|philosophy the Kantian doctrine that reality consists not of appearances, but of some other order of being whose existence can be inferred from the nature of human reason|
term applied to the epistemology of the 18th-century German philosopher Immanuel Kant, who held that the human self, or transcendental ego, constructs knowledge out of sense impressions and from universal concepts called categories that it imposes upon them. Kant's transcendentalism is set in contrast to those of two of his predecessors-the problematic idealism of Rene Descartes, who claimed that the existence of matter can be doubted, and the dogmatic idealism of George Berkeley, who flatly denied the existence of matter. Kant believed that ideas, the raw matter of knowledge, must somehow be due to realities existing independently of human minds; but he held that such things-in-themselves must remain forever unknown. Human knowledge cannot reach to them because knowledge can only arise in the course of synthesizing the ideas of sense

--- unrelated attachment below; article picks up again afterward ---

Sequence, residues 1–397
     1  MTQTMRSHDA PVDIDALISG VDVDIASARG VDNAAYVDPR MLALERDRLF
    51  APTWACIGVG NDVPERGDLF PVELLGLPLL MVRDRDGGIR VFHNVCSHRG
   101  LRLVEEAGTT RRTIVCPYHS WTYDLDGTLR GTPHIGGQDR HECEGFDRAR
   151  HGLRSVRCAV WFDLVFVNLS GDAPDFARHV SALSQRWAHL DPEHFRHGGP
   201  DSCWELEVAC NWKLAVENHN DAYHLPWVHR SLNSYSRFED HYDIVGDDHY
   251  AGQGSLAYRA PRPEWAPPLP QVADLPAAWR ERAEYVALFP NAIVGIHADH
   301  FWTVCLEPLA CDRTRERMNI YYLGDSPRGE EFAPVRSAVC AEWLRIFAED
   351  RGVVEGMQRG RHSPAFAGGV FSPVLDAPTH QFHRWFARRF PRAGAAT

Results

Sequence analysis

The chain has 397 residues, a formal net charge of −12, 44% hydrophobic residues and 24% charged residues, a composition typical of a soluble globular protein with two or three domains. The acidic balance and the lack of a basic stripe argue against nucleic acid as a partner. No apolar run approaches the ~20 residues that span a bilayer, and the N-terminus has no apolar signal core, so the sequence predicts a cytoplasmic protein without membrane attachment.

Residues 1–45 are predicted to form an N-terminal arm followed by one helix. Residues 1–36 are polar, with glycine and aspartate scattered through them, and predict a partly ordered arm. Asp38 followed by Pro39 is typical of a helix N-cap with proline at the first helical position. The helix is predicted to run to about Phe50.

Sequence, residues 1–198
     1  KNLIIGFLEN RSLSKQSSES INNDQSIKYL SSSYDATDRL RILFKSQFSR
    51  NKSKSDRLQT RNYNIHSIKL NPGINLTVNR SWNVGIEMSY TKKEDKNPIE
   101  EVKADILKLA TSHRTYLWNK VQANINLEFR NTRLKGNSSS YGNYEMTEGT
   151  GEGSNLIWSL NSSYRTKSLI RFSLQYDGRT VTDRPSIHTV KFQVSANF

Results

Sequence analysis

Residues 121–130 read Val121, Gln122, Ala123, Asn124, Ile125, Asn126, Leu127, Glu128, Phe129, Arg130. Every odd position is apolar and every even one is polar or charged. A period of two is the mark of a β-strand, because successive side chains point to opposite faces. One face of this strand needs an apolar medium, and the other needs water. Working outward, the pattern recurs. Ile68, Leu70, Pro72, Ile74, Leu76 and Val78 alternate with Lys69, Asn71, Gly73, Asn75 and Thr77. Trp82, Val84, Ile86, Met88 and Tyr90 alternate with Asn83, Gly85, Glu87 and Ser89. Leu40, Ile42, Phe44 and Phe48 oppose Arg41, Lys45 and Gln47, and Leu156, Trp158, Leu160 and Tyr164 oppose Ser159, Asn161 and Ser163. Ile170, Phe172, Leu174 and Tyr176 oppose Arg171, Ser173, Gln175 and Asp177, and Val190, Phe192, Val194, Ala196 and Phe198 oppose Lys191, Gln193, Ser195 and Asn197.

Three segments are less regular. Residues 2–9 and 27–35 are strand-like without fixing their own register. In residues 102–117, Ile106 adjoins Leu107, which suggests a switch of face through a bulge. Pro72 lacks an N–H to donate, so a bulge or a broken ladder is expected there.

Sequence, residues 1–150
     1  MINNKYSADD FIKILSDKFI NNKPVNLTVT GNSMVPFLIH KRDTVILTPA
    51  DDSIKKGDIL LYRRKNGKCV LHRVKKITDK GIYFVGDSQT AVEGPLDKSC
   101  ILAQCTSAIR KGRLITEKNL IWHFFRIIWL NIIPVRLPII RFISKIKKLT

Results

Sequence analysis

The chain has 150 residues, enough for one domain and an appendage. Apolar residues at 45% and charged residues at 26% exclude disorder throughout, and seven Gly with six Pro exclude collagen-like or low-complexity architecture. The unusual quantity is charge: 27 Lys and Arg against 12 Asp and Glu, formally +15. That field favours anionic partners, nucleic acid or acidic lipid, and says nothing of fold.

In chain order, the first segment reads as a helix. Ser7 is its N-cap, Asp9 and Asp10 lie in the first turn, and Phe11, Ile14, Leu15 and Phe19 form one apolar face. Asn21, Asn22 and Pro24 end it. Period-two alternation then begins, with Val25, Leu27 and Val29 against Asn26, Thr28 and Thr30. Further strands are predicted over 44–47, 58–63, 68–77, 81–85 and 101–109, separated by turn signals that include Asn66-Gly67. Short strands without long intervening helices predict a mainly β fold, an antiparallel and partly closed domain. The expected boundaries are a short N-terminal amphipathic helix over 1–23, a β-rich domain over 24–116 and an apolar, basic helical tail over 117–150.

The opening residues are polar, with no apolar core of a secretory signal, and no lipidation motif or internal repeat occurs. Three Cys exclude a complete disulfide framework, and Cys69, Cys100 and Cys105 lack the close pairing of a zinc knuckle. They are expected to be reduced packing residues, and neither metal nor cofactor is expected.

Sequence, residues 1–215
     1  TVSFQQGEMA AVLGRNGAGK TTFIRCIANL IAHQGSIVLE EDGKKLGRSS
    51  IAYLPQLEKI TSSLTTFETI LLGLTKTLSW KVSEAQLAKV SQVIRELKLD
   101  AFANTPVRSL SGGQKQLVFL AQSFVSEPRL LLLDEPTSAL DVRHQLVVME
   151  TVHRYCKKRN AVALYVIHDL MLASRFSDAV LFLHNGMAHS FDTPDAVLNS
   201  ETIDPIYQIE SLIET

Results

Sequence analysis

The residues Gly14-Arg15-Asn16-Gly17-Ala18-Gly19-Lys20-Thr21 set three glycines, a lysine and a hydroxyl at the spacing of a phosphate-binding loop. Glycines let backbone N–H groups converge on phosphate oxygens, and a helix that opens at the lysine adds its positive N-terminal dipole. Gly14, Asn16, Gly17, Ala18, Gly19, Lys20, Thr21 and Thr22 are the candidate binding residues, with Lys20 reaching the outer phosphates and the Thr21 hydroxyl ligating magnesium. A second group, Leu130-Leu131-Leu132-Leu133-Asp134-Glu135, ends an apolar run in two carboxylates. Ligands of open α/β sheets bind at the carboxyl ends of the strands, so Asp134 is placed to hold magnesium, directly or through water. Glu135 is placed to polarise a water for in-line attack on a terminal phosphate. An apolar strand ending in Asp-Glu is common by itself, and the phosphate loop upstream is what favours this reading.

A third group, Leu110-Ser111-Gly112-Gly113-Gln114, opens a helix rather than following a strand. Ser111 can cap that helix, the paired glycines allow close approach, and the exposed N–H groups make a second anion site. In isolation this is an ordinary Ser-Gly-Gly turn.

Learn more about transcendental idealism with a free trial on Britannica.com.